A new study “The Attention Apparatus: Conditions and Affordances of News Reporting in Hybrid Media Events of Terrorist Violence” by Niina Uusitalo and Katja Valaskivi from University of Tampere conceptualizes news organization as a an attention apparatus through looking at news production in terrorist acts.
The empirical part of the study consisted of 33 thematic interviews, found via a snowball method, of journalists from the state-owned Finnish Broadcasting Company (YLE) and newsroom observation for 14 days.
The article also makes use of Foucault’s concept of apparatus. It is a heterogenous network consisting of virtually anything that has a strategic function and appears in the intersection of power relations and relations of knowledge. As the authors remind us, Yves Citton has brought together attention and apparatus in context of media, seeing media apparatuses as vehicles of understanding and regimes of attention.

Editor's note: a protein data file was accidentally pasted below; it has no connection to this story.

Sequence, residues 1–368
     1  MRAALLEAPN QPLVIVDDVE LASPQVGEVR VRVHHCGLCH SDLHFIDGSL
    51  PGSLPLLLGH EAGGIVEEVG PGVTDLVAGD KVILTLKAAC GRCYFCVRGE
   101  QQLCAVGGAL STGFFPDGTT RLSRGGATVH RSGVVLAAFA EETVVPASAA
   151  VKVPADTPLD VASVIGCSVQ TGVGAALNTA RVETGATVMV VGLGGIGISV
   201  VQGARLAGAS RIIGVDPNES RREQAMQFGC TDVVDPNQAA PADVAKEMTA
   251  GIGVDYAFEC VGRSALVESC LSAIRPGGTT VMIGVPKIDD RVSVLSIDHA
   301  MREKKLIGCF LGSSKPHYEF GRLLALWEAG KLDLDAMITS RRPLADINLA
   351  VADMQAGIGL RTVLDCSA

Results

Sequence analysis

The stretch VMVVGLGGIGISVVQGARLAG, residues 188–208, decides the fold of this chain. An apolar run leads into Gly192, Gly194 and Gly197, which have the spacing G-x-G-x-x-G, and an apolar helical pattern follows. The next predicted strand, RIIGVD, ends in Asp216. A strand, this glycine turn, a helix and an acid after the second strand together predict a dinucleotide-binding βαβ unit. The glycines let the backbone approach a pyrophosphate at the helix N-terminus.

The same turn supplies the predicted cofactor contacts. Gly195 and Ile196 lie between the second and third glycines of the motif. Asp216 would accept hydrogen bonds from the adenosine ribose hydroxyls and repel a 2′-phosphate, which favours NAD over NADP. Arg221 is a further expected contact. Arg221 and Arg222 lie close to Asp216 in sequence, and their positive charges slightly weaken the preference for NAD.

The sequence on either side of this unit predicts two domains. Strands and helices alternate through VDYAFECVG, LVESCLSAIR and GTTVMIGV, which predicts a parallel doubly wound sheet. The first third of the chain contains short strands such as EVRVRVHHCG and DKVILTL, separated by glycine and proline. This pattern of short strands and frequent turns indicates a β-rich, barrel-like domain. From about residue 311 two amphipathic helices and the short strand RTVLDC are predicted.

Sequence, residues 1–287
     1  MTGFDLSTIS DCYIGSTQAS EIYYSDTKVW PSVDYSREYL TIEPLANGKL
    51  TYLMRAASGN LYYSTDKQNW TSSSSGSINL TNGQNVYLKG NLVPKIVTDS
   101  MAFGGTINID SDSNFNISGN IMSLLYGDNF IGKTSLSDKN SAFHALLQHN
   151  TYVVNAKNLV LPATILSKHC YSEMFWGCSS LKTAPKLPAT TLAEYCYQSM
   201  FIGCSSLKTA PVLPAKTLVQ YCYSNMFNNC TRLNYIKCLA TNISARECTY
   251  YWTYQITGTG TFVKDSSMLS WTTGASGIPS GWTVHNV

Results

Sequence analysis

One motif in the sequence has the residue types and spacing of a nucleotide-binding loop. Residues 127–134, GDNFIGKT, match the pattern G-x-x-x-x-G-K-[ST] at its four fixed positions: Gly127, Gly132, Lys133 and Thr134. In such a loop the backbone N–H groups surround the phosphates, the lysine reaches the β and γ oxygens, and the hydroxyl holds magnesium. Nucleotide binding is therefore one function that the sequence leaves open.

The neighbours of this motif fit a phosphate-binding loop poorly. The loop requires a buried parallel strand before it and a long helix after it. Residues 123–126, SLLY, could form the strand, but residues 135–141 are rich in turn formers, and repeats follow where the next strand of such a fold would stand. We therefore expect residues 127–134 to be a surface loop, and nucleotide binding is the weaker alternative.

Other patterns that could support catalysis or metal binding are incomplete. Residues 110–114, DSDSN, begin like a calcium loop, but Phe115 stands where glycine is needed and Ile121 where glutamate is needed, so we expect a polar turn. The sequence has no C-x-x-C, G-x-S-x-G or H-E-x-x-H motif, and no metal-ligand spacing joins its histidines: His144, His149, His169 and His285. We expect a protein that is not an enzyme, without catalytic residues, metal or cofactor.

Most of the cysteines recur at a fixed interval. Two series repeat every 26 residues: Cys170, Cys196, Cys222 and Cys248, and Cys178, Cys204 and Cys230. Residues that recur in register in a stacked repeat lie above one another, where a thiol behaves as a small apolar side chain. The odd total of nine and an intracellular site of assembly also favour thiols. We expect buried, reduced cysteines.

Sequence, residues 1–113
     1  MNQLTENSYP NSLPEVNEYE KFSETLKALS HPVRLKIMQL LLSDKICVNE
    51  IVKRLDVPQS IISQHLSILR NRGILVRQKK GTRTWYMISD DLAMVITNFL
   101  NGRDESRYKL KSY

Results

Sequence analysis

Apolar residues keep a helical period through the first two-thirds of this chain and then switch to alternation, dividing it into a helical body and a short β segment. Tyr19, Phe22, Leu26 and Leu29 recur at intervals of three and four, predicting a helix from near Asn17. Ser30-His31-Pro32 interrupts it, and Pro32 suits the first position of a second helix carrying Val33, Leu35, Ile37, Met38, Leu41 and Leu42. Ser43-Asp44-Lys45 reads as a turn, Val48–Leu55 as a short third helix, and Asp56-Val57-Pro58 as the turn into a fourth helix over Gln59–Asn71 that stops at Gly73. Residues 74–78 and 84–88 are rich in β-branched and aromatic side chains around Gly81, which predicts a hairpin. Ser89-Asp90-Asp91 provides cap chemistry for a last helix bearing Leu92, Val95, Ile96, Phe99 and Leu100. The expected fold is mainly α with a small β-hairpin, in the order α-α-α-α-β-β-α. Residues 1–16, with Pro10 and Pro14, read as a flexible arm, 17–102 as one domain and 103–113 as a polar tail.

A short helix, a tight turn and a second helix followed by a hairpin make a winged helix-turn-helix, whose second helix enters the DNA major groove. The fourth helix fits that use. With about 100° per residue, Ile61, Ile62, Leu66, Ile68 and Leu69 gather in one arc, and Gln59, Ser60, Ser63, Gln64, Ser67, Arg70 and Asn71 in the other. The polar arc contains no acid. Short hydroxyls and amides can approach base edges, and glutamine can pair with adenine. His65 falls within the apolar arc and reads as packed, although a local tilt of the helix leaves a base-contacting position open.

Condititions, affordances and the attention apparatus
The conditions and affordances of the attention apparatus consist of three each. The three conditions are perceived audience expectations, professional conditions of journalism and societal responsibilities, and the affordances are immediacy, liveness, and interruption.
The activation of a news organization as an attention apparatus has societal consequences. Terrorist acts only become hybrid media events through the apparatus. Despite the growth of social media and alternative media platforms, there is a certain concentration of symbolic resources in principal mass media.
The authors conclude that the conceptualization of the attention apparatus brings forth new questions regarding the identification, definition, and framing of certain situations as crises of global significance demanding action.
The article “The Attention Apparatus: Conditions and Affordances of News Reporting in Hybrid Media Events of Terrorist Violence” by Niina Uusitalo and Katja Valaskivi is in Journalism Practice. (Free access).
Picture: Untitled by Fabien Maurin License Unsplash.